Jones issue leaves female sprinters defending track
BIRMINGHAM, England -- America's top female sprinters defended track and field Sunday, saying it was disappointing to hear Marion Jones had failed a doping test.
Allyson Felix, the world 200-meter champion and silver medalist at the Athens Olympics in 2004, said she was dismayed when she found out Jones failed an initial doping test at the U.S. championships in June.
"There are a lot of young girls who are coming up in athletics, like I was, and a lot of them look up to Marion, so I do hope it's not true," Felix told the Associated Press after winning the 200 in 22.19 seconds at an international team meet in Birmingham on Sunday.
Jones' "A" sample from the championships in Indianapolis, where she won the 100, came back positive for the performance-enhancer EPO. If a second "B" test is positive, Jones could face a minimum two-year ban.
The news came three weeks after Olympic and world champion Justin Gatlin tested positive for testosterone or other steroids after a relay race in Kansas in April.
Both athletes have denied knowingly using banned substances.
"It's unfortunate and its a tough time for the sport to have two such big blows like that, it's disappointing," Felix said. "If anyone runs fast, there's always going to be speculation and it's frustrating that's the case.
"Most of us who are out there running are running hard, and running clean."
Doping suspicions have dogged Jones for years, but she has always vehemently denied using any performance-enhancing substances.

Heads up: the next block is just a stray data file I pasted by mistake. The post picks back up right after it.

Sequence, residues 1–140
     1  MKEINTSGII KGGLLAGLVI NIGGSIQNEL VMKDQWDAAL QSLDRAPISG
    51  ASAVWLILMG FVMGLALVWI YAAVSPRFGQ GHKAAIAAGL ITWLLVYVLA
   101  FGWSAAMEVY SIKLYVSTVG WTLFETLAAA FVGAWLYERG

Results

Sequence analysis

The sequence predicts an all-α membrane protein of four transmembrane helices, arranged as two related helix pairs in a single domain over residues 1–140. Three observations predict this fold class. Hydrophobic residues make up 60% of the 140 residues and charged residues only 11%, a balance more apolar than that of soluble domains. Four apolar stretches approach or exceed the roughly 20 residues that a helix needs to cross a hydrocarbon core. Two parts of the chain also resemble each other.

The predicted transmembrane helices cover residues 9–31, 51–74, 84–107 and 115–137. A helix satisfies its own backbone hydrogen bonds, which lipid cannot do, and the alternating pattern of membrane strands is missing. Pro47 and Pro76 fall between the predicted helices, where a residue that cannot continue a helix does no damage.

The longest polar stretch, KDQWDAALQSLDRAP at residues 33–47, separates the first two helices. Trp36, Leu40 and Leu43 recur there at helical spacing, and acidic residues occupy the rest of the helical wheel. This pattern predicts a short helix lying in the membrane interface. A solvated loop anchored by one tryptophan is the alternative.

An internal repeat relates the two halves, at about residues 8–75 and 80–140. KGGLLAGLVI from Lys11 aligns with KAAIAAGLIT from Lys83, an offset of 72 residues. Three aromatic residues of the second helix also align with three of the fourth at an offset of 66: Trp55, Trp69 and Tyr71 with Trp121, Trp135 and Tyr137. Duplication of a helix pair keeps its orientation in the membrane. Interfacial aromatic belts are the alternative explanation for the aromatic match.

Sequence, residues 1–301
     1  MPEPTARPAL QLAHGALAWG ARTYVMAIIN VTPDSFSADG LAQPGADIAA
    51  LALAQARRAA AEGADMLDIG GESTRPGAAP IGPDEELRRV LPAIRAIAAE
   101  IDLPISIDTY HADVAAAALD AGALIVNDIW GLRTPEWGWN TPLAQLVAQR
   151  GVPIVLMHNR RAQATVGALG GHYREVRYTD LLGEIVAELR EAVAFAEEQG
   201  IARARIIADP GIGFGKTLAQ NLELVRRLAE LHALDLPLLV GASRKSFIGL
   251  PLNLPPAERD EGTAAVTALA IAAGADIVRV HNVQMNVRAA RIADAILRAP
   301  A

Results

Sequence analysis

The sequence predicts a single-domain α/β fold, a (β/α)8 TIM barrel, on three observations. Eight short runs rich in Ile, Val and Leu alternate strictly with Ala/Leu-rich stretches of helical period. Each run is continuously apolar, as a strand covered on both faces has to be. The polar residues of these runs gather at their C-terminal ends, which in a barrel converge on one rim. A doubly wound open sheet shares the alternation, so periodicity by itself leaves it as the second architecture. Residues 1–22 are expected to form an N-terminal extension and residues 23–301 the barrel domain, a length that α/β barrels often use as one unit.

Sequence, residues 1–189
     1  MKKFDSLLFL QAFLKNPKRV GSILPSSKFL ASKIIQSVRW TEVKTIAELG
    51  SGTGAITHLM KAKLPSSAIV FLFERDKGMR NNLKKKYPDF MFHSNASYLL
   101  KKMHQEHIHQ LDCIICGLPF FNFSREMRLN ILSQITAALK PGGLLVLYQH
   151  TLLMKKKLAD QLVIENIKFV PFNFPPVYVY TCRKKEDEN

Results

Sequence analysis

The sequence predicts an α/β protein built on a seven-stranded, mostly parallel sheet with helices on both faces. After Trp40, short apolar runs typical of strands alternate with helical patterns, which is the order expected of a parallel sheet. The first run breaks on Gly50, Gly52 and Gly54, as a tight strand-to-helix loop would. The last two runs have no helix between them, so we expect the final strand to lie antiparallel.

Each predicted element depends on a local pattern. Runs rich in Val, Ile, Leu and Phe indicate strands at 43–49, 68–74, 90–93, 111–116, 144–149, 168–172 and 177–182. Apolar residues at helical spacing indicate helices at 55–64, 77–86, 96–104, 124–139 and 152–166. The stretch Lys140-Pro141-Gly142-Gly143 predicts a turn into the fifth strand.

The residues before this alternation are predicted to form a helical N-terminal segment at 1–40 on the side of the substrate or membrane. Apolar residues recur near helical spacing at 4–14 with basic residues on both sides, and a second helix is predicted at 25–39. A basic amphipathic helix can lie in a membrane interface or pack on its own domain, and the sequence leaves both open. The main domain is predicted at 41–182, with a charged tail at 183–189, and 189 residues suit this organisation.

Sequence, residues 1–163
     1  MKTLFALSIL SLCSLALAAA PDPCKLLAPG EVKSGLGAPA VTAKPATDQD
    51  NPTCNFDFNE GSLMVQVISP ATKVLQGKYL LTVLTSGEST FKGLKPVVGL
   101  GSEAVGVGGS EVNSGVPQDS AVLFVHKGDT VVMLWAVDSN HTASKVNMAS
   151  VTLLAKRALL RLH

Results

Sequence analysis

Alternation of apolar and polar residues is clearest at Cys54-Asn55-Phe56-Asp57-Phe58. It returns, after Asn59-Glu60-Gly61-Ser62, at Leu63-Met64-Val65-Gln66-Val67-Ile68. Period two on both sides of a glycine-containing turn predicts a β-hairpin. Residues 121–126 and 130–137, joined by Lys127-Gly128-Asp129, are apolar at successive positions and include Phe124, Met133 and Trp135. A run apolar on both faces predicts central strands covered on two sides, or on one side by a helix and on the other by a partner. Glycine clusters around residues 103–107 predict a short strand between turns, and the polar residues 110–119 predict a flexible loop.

Gatlin, a self-proclaimed leader of a drug-free generation of track athletes, has seen his failed drugs test and association with coach Trevor Graham -- who is being investigated by the IAAF for his ties to banned athletes -- bring a drug-tainted image back to the sport.
USA Track and Field chief Craig Masback called the sport's current situation "grave."
World 100 champion Lauryn Williams is certain the sport will take a drubbing after a second high-profile doping case, but hopes her own performances might turn the spotlight away from them.
"All I can worry about is me and what I can do and try to do what I can to shine a light on American sports," Williams said. "I think some people will be disappointed but athletics will recover."
Felix believes anti-doping controls are working, with younger athletes having to realize that there are evils in the world of track and field.
"When I was younger, coming up I didn't realize [drugs were] there. I think I was being naive, but this is a wake-up call," Felix said. "I feel it's our responsibility to stay in a positive light to young athletes so I just keep racing feeling like that."
She's not afraid of any backlash or dip in American track and field as a result of what has happened with Jones and Gatlin.
"Is there a backlash? I would think so, though it's happened before, but with two of the biggest names of the sport involved it should be interesting to see how it plays out," she said.
Felix, who is friends with joint world-record holder Gatlin, said the sprinter is "doing OK. It's definitely a difficult situation and it's pretty tough for him right now."
Williams, who finished a disappointing fourth in the 100 at the meet in Birmingham, thinks the future is still bright for U.S. track and field despite all the problems.
"There's a lot of young athletes running very well and the next few years they're going to do some very good things -- it's not over for American athletics," she said.
Copyright 2006 by The Associated Press
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